Do you use services such as Aweber or Mail Chimp to send out email newsletters or other mailings to your mailing list? If you do, there is one key thing you need to do – be sure to make the email address your mailings are from is different from your personal email or other email addresses. Essentially, it should be unique.
Why Should You Use a Specific Email Address?
So why should you use a specific, separate email address for your mailing list subscribers?
No matter how good your newsletter or regular mailing is, I can guarantee you that I have it automatically filtered into its own label in Gmail. I try to keep my email inbox as clean as possible, so when I am checking my emails on my Droid, I only get notifications for the most important ones hitting my inbox. Things like newsletters are what I consider less priority items, so when I’m really busy or on vacation, I tend to save them for later (unless your newsletter is the type to only blast affiliate links, then I probably rarely read them at all).
What does this mean? If your personal email address is the same one that you send your newsletters with, then chances are if you email me directly, it’s going into your newsletter’s filter instead. I have missed several direct emails that ended up bundled in the midst of a folder’s worth of newsletters, which are sometimes hard to distinguish from the mailings thanks to the “personalization” options mailing list services offer.
So what if, after awhile, someone marks your newsletter / mailing list as spam because they forgot why they had subscribed to you, possibly because they just did it to get a freebie or because after they did, they got bombed by a bunch of “buy this” “buy that” emails (which, as you can imagine, is a mailing list no no). But whatever the reason, if they mark your mailer as spam, chances are any emails from that address will go to spam as well.
What Could Your Recipients Be Missing?
So if you are sending out newsletters and mailers with the same email address as everything else you send out, what could your recipients be missing out on?
1. Personal Emails
If you send an email directly to someone, and you find yourself waiting for an unusually long amount of time for a response, your emails may be getting lured away from your recipients’ inbox via filters.
2. Contact Form Submissions
A lot of website contact forms will be emailed to the site owner from the email address entered into the form. These could also get filtered if the person you are trying to reach has subscribed to and created a filter for your mailing list.
3. Confirmation Emails
If your website has both a mailing list and sends out confirmation emails (such as a social network or forum asking for users to confirm their email address), these could be getting lost in the shuffle, meaning your network is losing potential members.
4. Blog Comment Notifications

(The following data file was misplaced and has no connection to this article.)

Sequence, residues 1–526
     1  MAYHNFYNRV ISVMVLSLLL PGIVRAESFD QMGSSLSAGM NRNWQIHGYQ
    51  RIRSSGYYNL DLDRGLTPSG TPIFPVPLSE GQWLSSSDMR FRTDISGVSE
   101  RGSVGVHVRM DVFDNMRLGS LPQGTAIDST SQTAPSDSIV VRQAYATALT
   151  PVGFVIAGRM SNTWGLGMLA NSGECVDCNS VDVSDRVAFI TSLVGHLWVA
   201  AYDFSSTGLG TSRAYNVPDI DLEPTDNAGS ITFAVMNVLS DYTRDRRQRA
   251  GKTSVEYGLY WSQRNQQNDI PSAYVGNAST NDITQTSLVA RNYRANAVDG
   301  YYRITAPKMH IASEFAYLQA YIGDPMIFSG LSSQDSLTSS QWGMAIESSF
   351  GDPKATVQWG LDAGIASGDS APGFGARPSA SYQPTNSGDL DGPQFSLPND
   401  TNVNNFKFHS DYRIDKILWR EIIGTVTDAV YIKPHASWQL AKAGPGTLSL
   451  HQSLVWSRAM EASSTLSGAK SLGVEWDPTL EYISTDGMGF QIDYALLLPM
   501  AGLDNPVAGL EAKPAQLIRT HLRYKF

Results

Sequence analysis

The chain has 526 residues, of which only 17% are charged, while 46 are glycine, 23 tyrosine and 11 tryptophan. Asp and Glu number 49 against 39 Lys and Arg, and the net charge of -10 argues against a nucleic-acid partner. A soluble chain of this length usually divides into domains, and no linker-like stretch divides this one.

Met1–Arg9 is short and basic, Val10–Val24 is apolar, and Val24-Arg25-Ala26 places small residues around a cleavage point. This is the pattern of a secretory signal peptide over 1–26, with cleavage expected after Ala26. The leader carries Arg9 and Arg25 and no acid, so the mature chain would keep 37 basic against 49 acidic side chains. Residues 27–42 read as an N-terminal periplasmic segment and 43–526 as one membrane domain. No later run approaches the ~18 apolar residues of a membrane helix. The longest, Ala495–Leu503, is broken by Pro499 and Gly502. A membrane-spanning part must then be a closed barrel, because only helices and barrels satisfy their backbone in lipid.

If someone comments on your blog and signs up for email notification of replies, and these come from your mailing list email address, they may be missing out on updates that would lead them back to your blog.
5. Sales Receipts / Shipment Confirmations
I have subscribed to a few retail sites’ newsletters, and later purchased from them. I would then wait and wait for the sales receipt or shipping confirmation, only to realize that they were being filtered into the store’s newsletter folder.
One reason that most filter newsletters based on the email address is that the mailers never have any common elements in the subject line. So if you must use the same email address for all of your communications, maybe add a tag to the newsletter that can be filtered solely apart from other emails, such as [YOUR SITE NEWS].
Your Mailing List Email Address Usage
Do you use the same email for your mailing list and other communications? Or, as mailing list recipients, have you lost emails due to filtering of newsletters? Please share your thoughts below.
Nice post Kristi.Very interesting and informative article.
Good point. It isn't hard to setup two email accounts in outlook or with a phone. Great way to keep personal communication apart from priority "2" emails. I don't get enough replies from church people who subscribe to my weekly sunday school lessons, so I probably wont have to switch to this strategy for a while.
Interesting point, Kristi - I must admit I've never thought about this one before. The practical problem I forsee is having to check 2 email accounts instead of one, and knowing myself, I'll never get to it. However, I do like your idea about adding a tag to the subject line; sounds like a perfect solution to me. Thanks! Ana Hoffman
Maybe I should have added my email strategy. I have several email addresses for my domain (webmaster@ for general inquiries, kristi@ for my newsletter) and I forward them all to my main Gmail account. This way, when I reply to any of them, it comes from my personal email, so even if they have done some kind of filtering on my newsletter or comment reply emails or anything else, I know I can still reach them directly and not have to check multiple accounts.